5.4 Diabetic Ketoacidosis: increased ketones in urine. (Canadaian Diabetes Association, 2016)
5.4.1 Nausea, vomiting, abdominal pain, sweet/fruity breath smell, weight loss (Canadaian Diabetes Association, 2016) Check urine with OTC ketones test kit: if large amounts of ketones are in urine, seek emergency care (Canadaian Diabetes Association, 2016)
5.5 Heart disease, stroke, diabetic retinopathy, celiac disease, diabetic peripheral neuropathy
6 Treatment
6.1 NO CURE!!! (Canadian Diabetes Association, 2016)
6.2 Pancreas Transplant: life time of potent immune suppressing drugs to prevent organ rejection. Usually reserved for those with difficult to manage diabetes (Mayo Clinic, 2016)
6.3 Stem cell transplant (Mayo Clinic, 2016)
6.4 Exercise: 30 mins anaerobic activity (Canadian Diabetes Association, 2016)
6.5 Nutrition: decrease fat, increase fibre (Canadian Diabetes Association, 2016)
6.6 Maintaining a healthy weight (Canadian Diabetes Association, 2016)
6.7 Managing stress (Canadian Diabetes Association, 2016)
6.7.1 Schedule yearly physical exam and regular eye exams (Canadian Diabetes Association, 2016)
6.7.2 Identify yourself, wear an ID medical bracelet (Canadian Diabetes Association, 2016)
6.7.3 Keep immunizations up to date - increased blood sugar weakens the immune system (Canadian Diabetes Association, 2016)
6.7.4 Pay attention to feet - daily wash with luke warm water and moisturize. Check for any cuts, blisters, sores, redness (Canadian Diabetes Association, 2016)
6.7.5 Get BP/cholesterol under control to decrease kidney damamge (Canadian Diabetes Association, 2016)
6.7.6 quit smoking
7 Nursing Interventions
7.1 Stress of acute illness/surgery
7.1.1 Check BG (blood glucose) q4h if BG >14 mmol/L – urine test for ketones. Continue with meds administration as prescribed. Continue with regular meal plan Extra insulin may be required (Michel, 2014)
7.2 Diabetic Ketoacidosis (DKA)
7.2.1 Monitor patient closely for: BG, urine for output/ketones, lab tests, IV fluids to correct dehydration. Insulin therapy, Electrolytes therapy: Potassium imbalance. (ECG) Assess: VS-for fever, hypovolemic shock, tachycardia and Kussmaul’s breathing. Renal status, cardiovascular (related to hydration), electrolyte levels , LOC (Michael, 2014)
7.3 Hypoglycemia (BG <4 mmol/L)
7.3.1 Mild/moderate: Administer 15—20 g of simple carb, repeat in 15 min Administer complex carbs with protein or fat if next meal 1h away Notify physician immediately is symptoms do not subside (Michael, 2014)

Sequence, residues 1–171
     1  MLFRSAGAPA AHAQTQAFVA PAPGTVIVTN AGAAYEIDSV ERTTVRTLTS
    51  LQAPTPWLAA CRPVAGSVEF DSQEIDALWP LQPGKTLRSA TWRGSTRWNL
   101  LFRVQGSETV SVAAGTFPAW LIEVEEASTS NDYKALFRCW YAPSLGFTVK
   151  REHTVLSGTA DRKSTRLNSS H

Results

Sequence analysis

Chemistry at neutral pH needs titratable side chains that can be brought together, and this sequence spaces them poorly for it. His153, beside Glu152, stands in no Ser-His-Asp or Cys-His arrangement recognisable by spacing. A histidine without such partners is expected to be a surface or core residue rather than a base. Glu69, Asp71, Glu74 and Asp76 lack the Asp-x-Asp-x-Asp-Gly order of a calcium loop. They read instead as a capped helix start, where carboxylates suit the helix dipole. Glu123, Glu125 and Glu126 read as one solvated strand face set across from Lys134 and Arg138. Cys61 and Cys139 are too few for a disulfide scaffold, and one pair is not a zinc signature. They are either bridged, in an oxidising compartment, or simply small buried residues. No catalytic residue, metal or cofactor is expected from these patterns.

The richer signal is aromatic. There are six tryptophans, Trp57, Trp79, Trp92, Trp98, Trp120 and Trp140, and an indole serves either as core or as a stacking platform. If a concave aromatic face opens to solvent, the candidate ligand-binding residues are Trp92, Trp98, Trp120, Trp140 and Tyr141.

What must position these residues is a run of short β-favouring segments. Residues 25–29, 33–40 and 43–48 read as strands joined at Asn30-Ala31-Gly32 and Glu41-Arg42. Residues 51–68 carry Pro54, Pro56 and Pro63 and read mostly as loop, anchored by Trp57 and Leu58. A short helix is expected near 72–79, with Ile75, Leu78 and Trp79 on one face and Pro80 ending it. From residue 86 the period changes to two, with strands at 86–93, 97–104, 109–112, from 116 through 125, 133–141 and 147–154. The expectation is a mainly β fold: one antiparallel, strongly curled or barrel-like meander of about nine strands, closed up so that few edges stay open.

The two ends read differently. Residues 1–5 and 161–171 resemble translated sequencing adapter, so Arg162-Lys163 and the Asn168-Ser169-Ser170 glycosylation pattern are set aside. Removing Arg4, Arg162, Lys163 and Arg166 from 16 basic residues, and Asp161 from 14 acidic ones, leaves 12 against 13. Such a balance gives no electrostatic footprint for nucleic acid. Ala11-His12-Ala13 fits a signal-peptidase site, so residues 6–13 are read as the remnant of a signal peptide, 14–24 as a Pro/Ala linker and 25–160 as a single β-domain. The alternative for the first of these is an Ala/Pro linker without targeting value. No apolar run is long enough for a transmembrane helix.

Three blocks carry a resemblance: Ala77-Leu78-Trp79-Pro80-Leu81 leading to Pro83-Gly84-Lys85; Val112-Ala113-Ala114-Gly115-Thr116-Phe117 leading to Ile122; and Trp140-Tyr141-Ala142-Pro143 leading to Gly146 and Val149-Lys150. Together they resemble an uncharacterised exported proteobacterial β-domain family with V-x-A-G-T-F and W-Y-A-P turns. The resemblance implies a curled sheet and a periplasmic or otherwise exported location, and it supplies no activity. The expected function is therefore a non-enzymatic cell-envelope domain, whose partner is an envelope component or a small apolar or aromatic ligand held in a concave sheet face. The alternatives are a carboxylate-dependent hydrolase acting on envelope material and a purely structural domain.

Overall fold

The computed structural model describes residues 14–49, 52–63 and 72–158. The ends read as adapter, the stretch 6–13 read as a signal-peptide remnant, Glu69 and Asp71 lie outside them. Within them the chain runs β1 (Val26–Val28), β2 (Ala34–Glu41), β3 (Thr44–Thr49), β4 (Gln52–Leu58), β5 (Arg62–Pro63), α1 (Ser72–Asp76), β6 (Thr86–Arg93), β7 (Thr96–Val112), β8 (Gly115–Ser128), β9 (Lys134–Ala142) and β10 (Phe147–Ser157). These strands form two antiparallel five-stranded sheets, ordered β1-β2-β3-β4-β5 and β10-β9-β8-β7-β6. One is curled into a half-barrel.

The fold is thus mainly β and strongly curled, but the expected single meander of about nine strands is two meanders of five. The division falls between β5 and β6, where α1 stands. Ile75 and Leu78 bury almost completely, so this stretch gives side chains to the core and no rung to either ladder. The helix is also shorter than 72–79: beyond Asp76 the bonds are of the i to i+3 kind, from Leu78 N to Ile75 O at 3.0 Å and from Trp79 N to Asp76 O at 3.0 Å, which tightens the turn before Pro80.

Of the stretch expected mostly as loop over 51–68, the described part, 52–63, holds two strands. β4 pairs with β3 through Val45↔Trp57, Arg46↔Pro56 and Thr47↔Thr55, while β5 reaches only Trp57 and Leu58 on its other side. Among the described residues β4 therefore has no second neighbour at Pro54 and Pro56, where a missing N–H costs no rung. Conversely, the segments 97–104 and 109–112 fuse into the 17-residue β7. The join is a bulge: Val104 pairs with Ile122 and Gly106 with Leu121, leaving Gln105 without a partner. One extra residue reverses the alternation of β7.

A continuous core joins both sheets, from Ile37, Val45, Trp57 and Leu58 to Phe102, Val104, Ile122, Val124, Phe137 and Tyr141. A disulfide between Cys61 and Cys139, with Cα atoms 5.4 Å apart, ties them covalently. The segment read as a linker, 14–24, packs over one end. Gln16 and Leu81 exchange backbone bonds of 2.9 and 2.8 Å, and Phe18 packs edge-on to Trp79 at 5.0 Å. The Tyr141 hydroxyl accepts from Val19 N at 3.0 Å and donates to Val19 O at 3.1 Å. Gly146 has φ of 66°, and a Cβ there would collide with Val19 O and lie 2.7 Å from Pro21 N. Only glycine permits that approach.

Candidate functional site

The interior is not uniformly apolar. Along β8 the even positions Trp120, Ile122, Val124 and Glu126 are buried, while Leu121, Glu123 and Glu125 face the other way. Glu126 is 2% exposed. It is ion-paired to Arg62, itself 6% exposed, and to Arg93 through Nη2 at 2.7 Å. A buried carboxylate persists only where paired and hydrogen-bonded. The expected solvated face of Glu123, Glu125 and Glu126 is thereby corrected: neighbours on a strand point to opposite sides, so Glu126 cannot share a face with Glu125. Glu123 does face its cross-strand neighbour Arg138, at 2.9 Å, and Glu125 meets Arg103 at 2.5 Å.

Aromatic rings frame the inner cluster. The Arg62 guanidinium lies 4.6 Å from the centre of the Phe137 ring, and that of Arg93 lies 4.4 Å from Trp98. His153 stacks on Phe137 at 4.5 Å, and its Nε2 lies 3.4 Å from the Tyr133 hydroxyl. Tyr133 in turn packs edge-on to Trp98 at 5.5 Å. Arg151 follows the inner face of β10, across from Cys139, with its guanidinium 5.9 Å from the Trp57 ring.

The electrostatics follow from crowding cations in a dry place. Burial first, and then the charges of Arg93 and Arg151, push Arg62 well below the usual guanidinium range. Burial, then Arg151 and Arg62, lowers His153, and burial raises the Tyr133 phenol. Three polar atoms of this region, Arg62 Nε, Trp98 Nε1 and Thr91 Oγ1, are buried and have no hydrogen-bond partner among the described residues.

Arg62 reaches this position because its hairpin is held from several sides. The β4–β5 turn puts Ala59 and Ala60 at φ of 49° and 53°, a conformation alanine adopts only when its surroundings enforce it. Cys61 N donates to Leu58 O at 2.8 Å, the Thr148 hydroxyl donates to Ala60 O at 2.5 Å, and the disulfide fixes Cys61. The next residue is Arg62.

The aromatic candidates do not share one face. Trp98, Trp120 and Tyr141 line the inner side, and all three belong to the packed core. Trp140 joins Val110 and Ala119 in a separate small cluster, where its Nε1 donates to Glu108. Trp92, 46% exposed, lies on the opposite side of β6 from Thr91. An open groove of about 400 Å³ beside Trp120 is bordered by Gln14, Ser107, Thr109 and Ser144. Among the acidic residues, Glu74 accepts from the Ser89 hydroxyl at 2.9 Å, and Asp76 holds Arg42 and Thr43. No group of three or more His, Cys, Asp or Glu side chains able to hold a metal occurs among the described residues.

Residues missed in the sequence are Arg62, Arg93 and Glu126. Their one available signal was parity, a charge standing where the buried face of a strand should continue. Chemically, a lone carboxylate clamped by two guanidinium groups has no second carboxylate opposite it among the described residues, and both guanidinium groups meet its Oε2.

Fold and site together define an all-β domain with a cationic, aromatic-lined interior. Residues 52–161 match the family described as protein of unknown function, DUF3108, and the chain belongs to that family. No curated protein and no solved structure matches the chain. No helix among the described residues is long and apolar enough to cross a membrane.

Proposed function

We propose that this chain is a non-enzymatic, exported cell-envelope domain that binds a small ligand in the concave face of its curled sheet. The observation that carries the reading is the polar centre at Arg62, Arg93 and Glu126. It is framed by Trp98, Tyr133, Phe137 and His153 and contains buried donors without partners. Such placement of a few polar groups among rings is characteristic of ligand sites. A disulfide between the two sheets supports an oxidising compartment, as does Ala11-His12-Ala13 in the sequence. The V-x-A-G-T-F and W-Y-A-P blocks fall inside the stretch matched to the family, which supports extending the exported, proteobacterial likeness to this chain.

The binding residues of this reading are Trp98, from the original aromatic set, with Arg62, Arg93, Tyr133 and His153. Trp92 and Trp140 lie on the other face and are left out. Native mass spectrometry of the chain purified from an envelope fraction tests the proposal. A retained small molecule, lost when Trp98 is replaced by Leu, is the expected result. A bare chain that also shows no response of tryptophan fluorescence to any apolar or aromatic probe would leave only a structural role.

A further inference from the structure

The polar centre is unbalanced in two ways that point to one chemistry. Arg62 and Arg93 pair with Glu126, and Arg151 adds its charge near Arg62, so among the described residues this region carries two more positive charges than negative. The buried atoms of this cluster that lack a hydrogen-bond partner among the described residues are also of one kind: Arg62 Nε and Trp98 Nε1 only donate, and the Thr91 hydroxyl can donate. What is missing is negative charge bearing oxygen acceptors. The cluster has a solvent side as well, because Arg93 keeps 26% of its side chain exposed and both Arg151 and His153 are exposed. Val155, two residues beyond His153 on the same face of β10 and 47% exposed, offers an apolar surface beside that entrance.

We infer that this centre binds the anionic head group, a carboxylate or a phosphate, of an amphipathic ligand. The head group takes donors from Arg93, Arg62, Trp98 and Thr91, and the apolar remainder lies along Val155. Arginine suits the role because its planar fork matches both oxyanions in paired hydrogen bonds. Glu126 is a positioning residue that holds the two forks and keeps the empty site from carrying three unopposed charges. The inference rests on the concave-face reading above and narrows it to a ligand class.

7.3.2 Severe hypoglycemia: Subcutaneous or intramuscular injection of 1 mg glucagon IV of 20-50 ml of dextrose 50% in water given over 1-3min (Michael, 2014)
8 Figure 4. Illustration of main symptoms of Diabetes type 1. Adapted from “Diabetes Mellitus type 1” by Wikipedia, 2016, Wikipedia.org. Retrieved October 27, 2016, from https://en.wikipedia.org/wiki/Diabetes_mellitus_type_1
9 Figure 5. Illustration of diabetic needle. Adapted from “Insulin Needles & Syringes” by Bandageer, 2016, bandager.info. Retrieved October 27, 2016, from http://bandageer.info/insulin-needles-and-syringes/
10 Figure 1. Illustration of Healthy Diet. Adapted from “Five best tips for breast cancer prevention” by E. Woods, 2013, EzineMark.com. Retrieved October 27, 2016 from http://health.ezinemark.com/five-best-tips-for-breast-cancer-prevention-7736346520c2.html. Copyright (c)2005-2013 by EzineMark.com.
11 Figure 2. Illustration of physical activity. Adapted from “Five best tips for breast cancer prevention” by E. Woods, 2013, EzineMark.com. Retrieved October 27, 2016, from http://health.ezinemark.com/five best-tips-for-breast-cancer-prevention-7736346520c2.html. Copyright (c)2005-2013 by EzineMark.com.
12 Figure 3. Illustration of anti-smoking. Adapted from “Need to quit smoking” by Wordpress, 2016, Needtostopsmoking.com. Retrieved October 27, 2016, from http://needtoquitsmoking.com/great-tips-quit-smoking/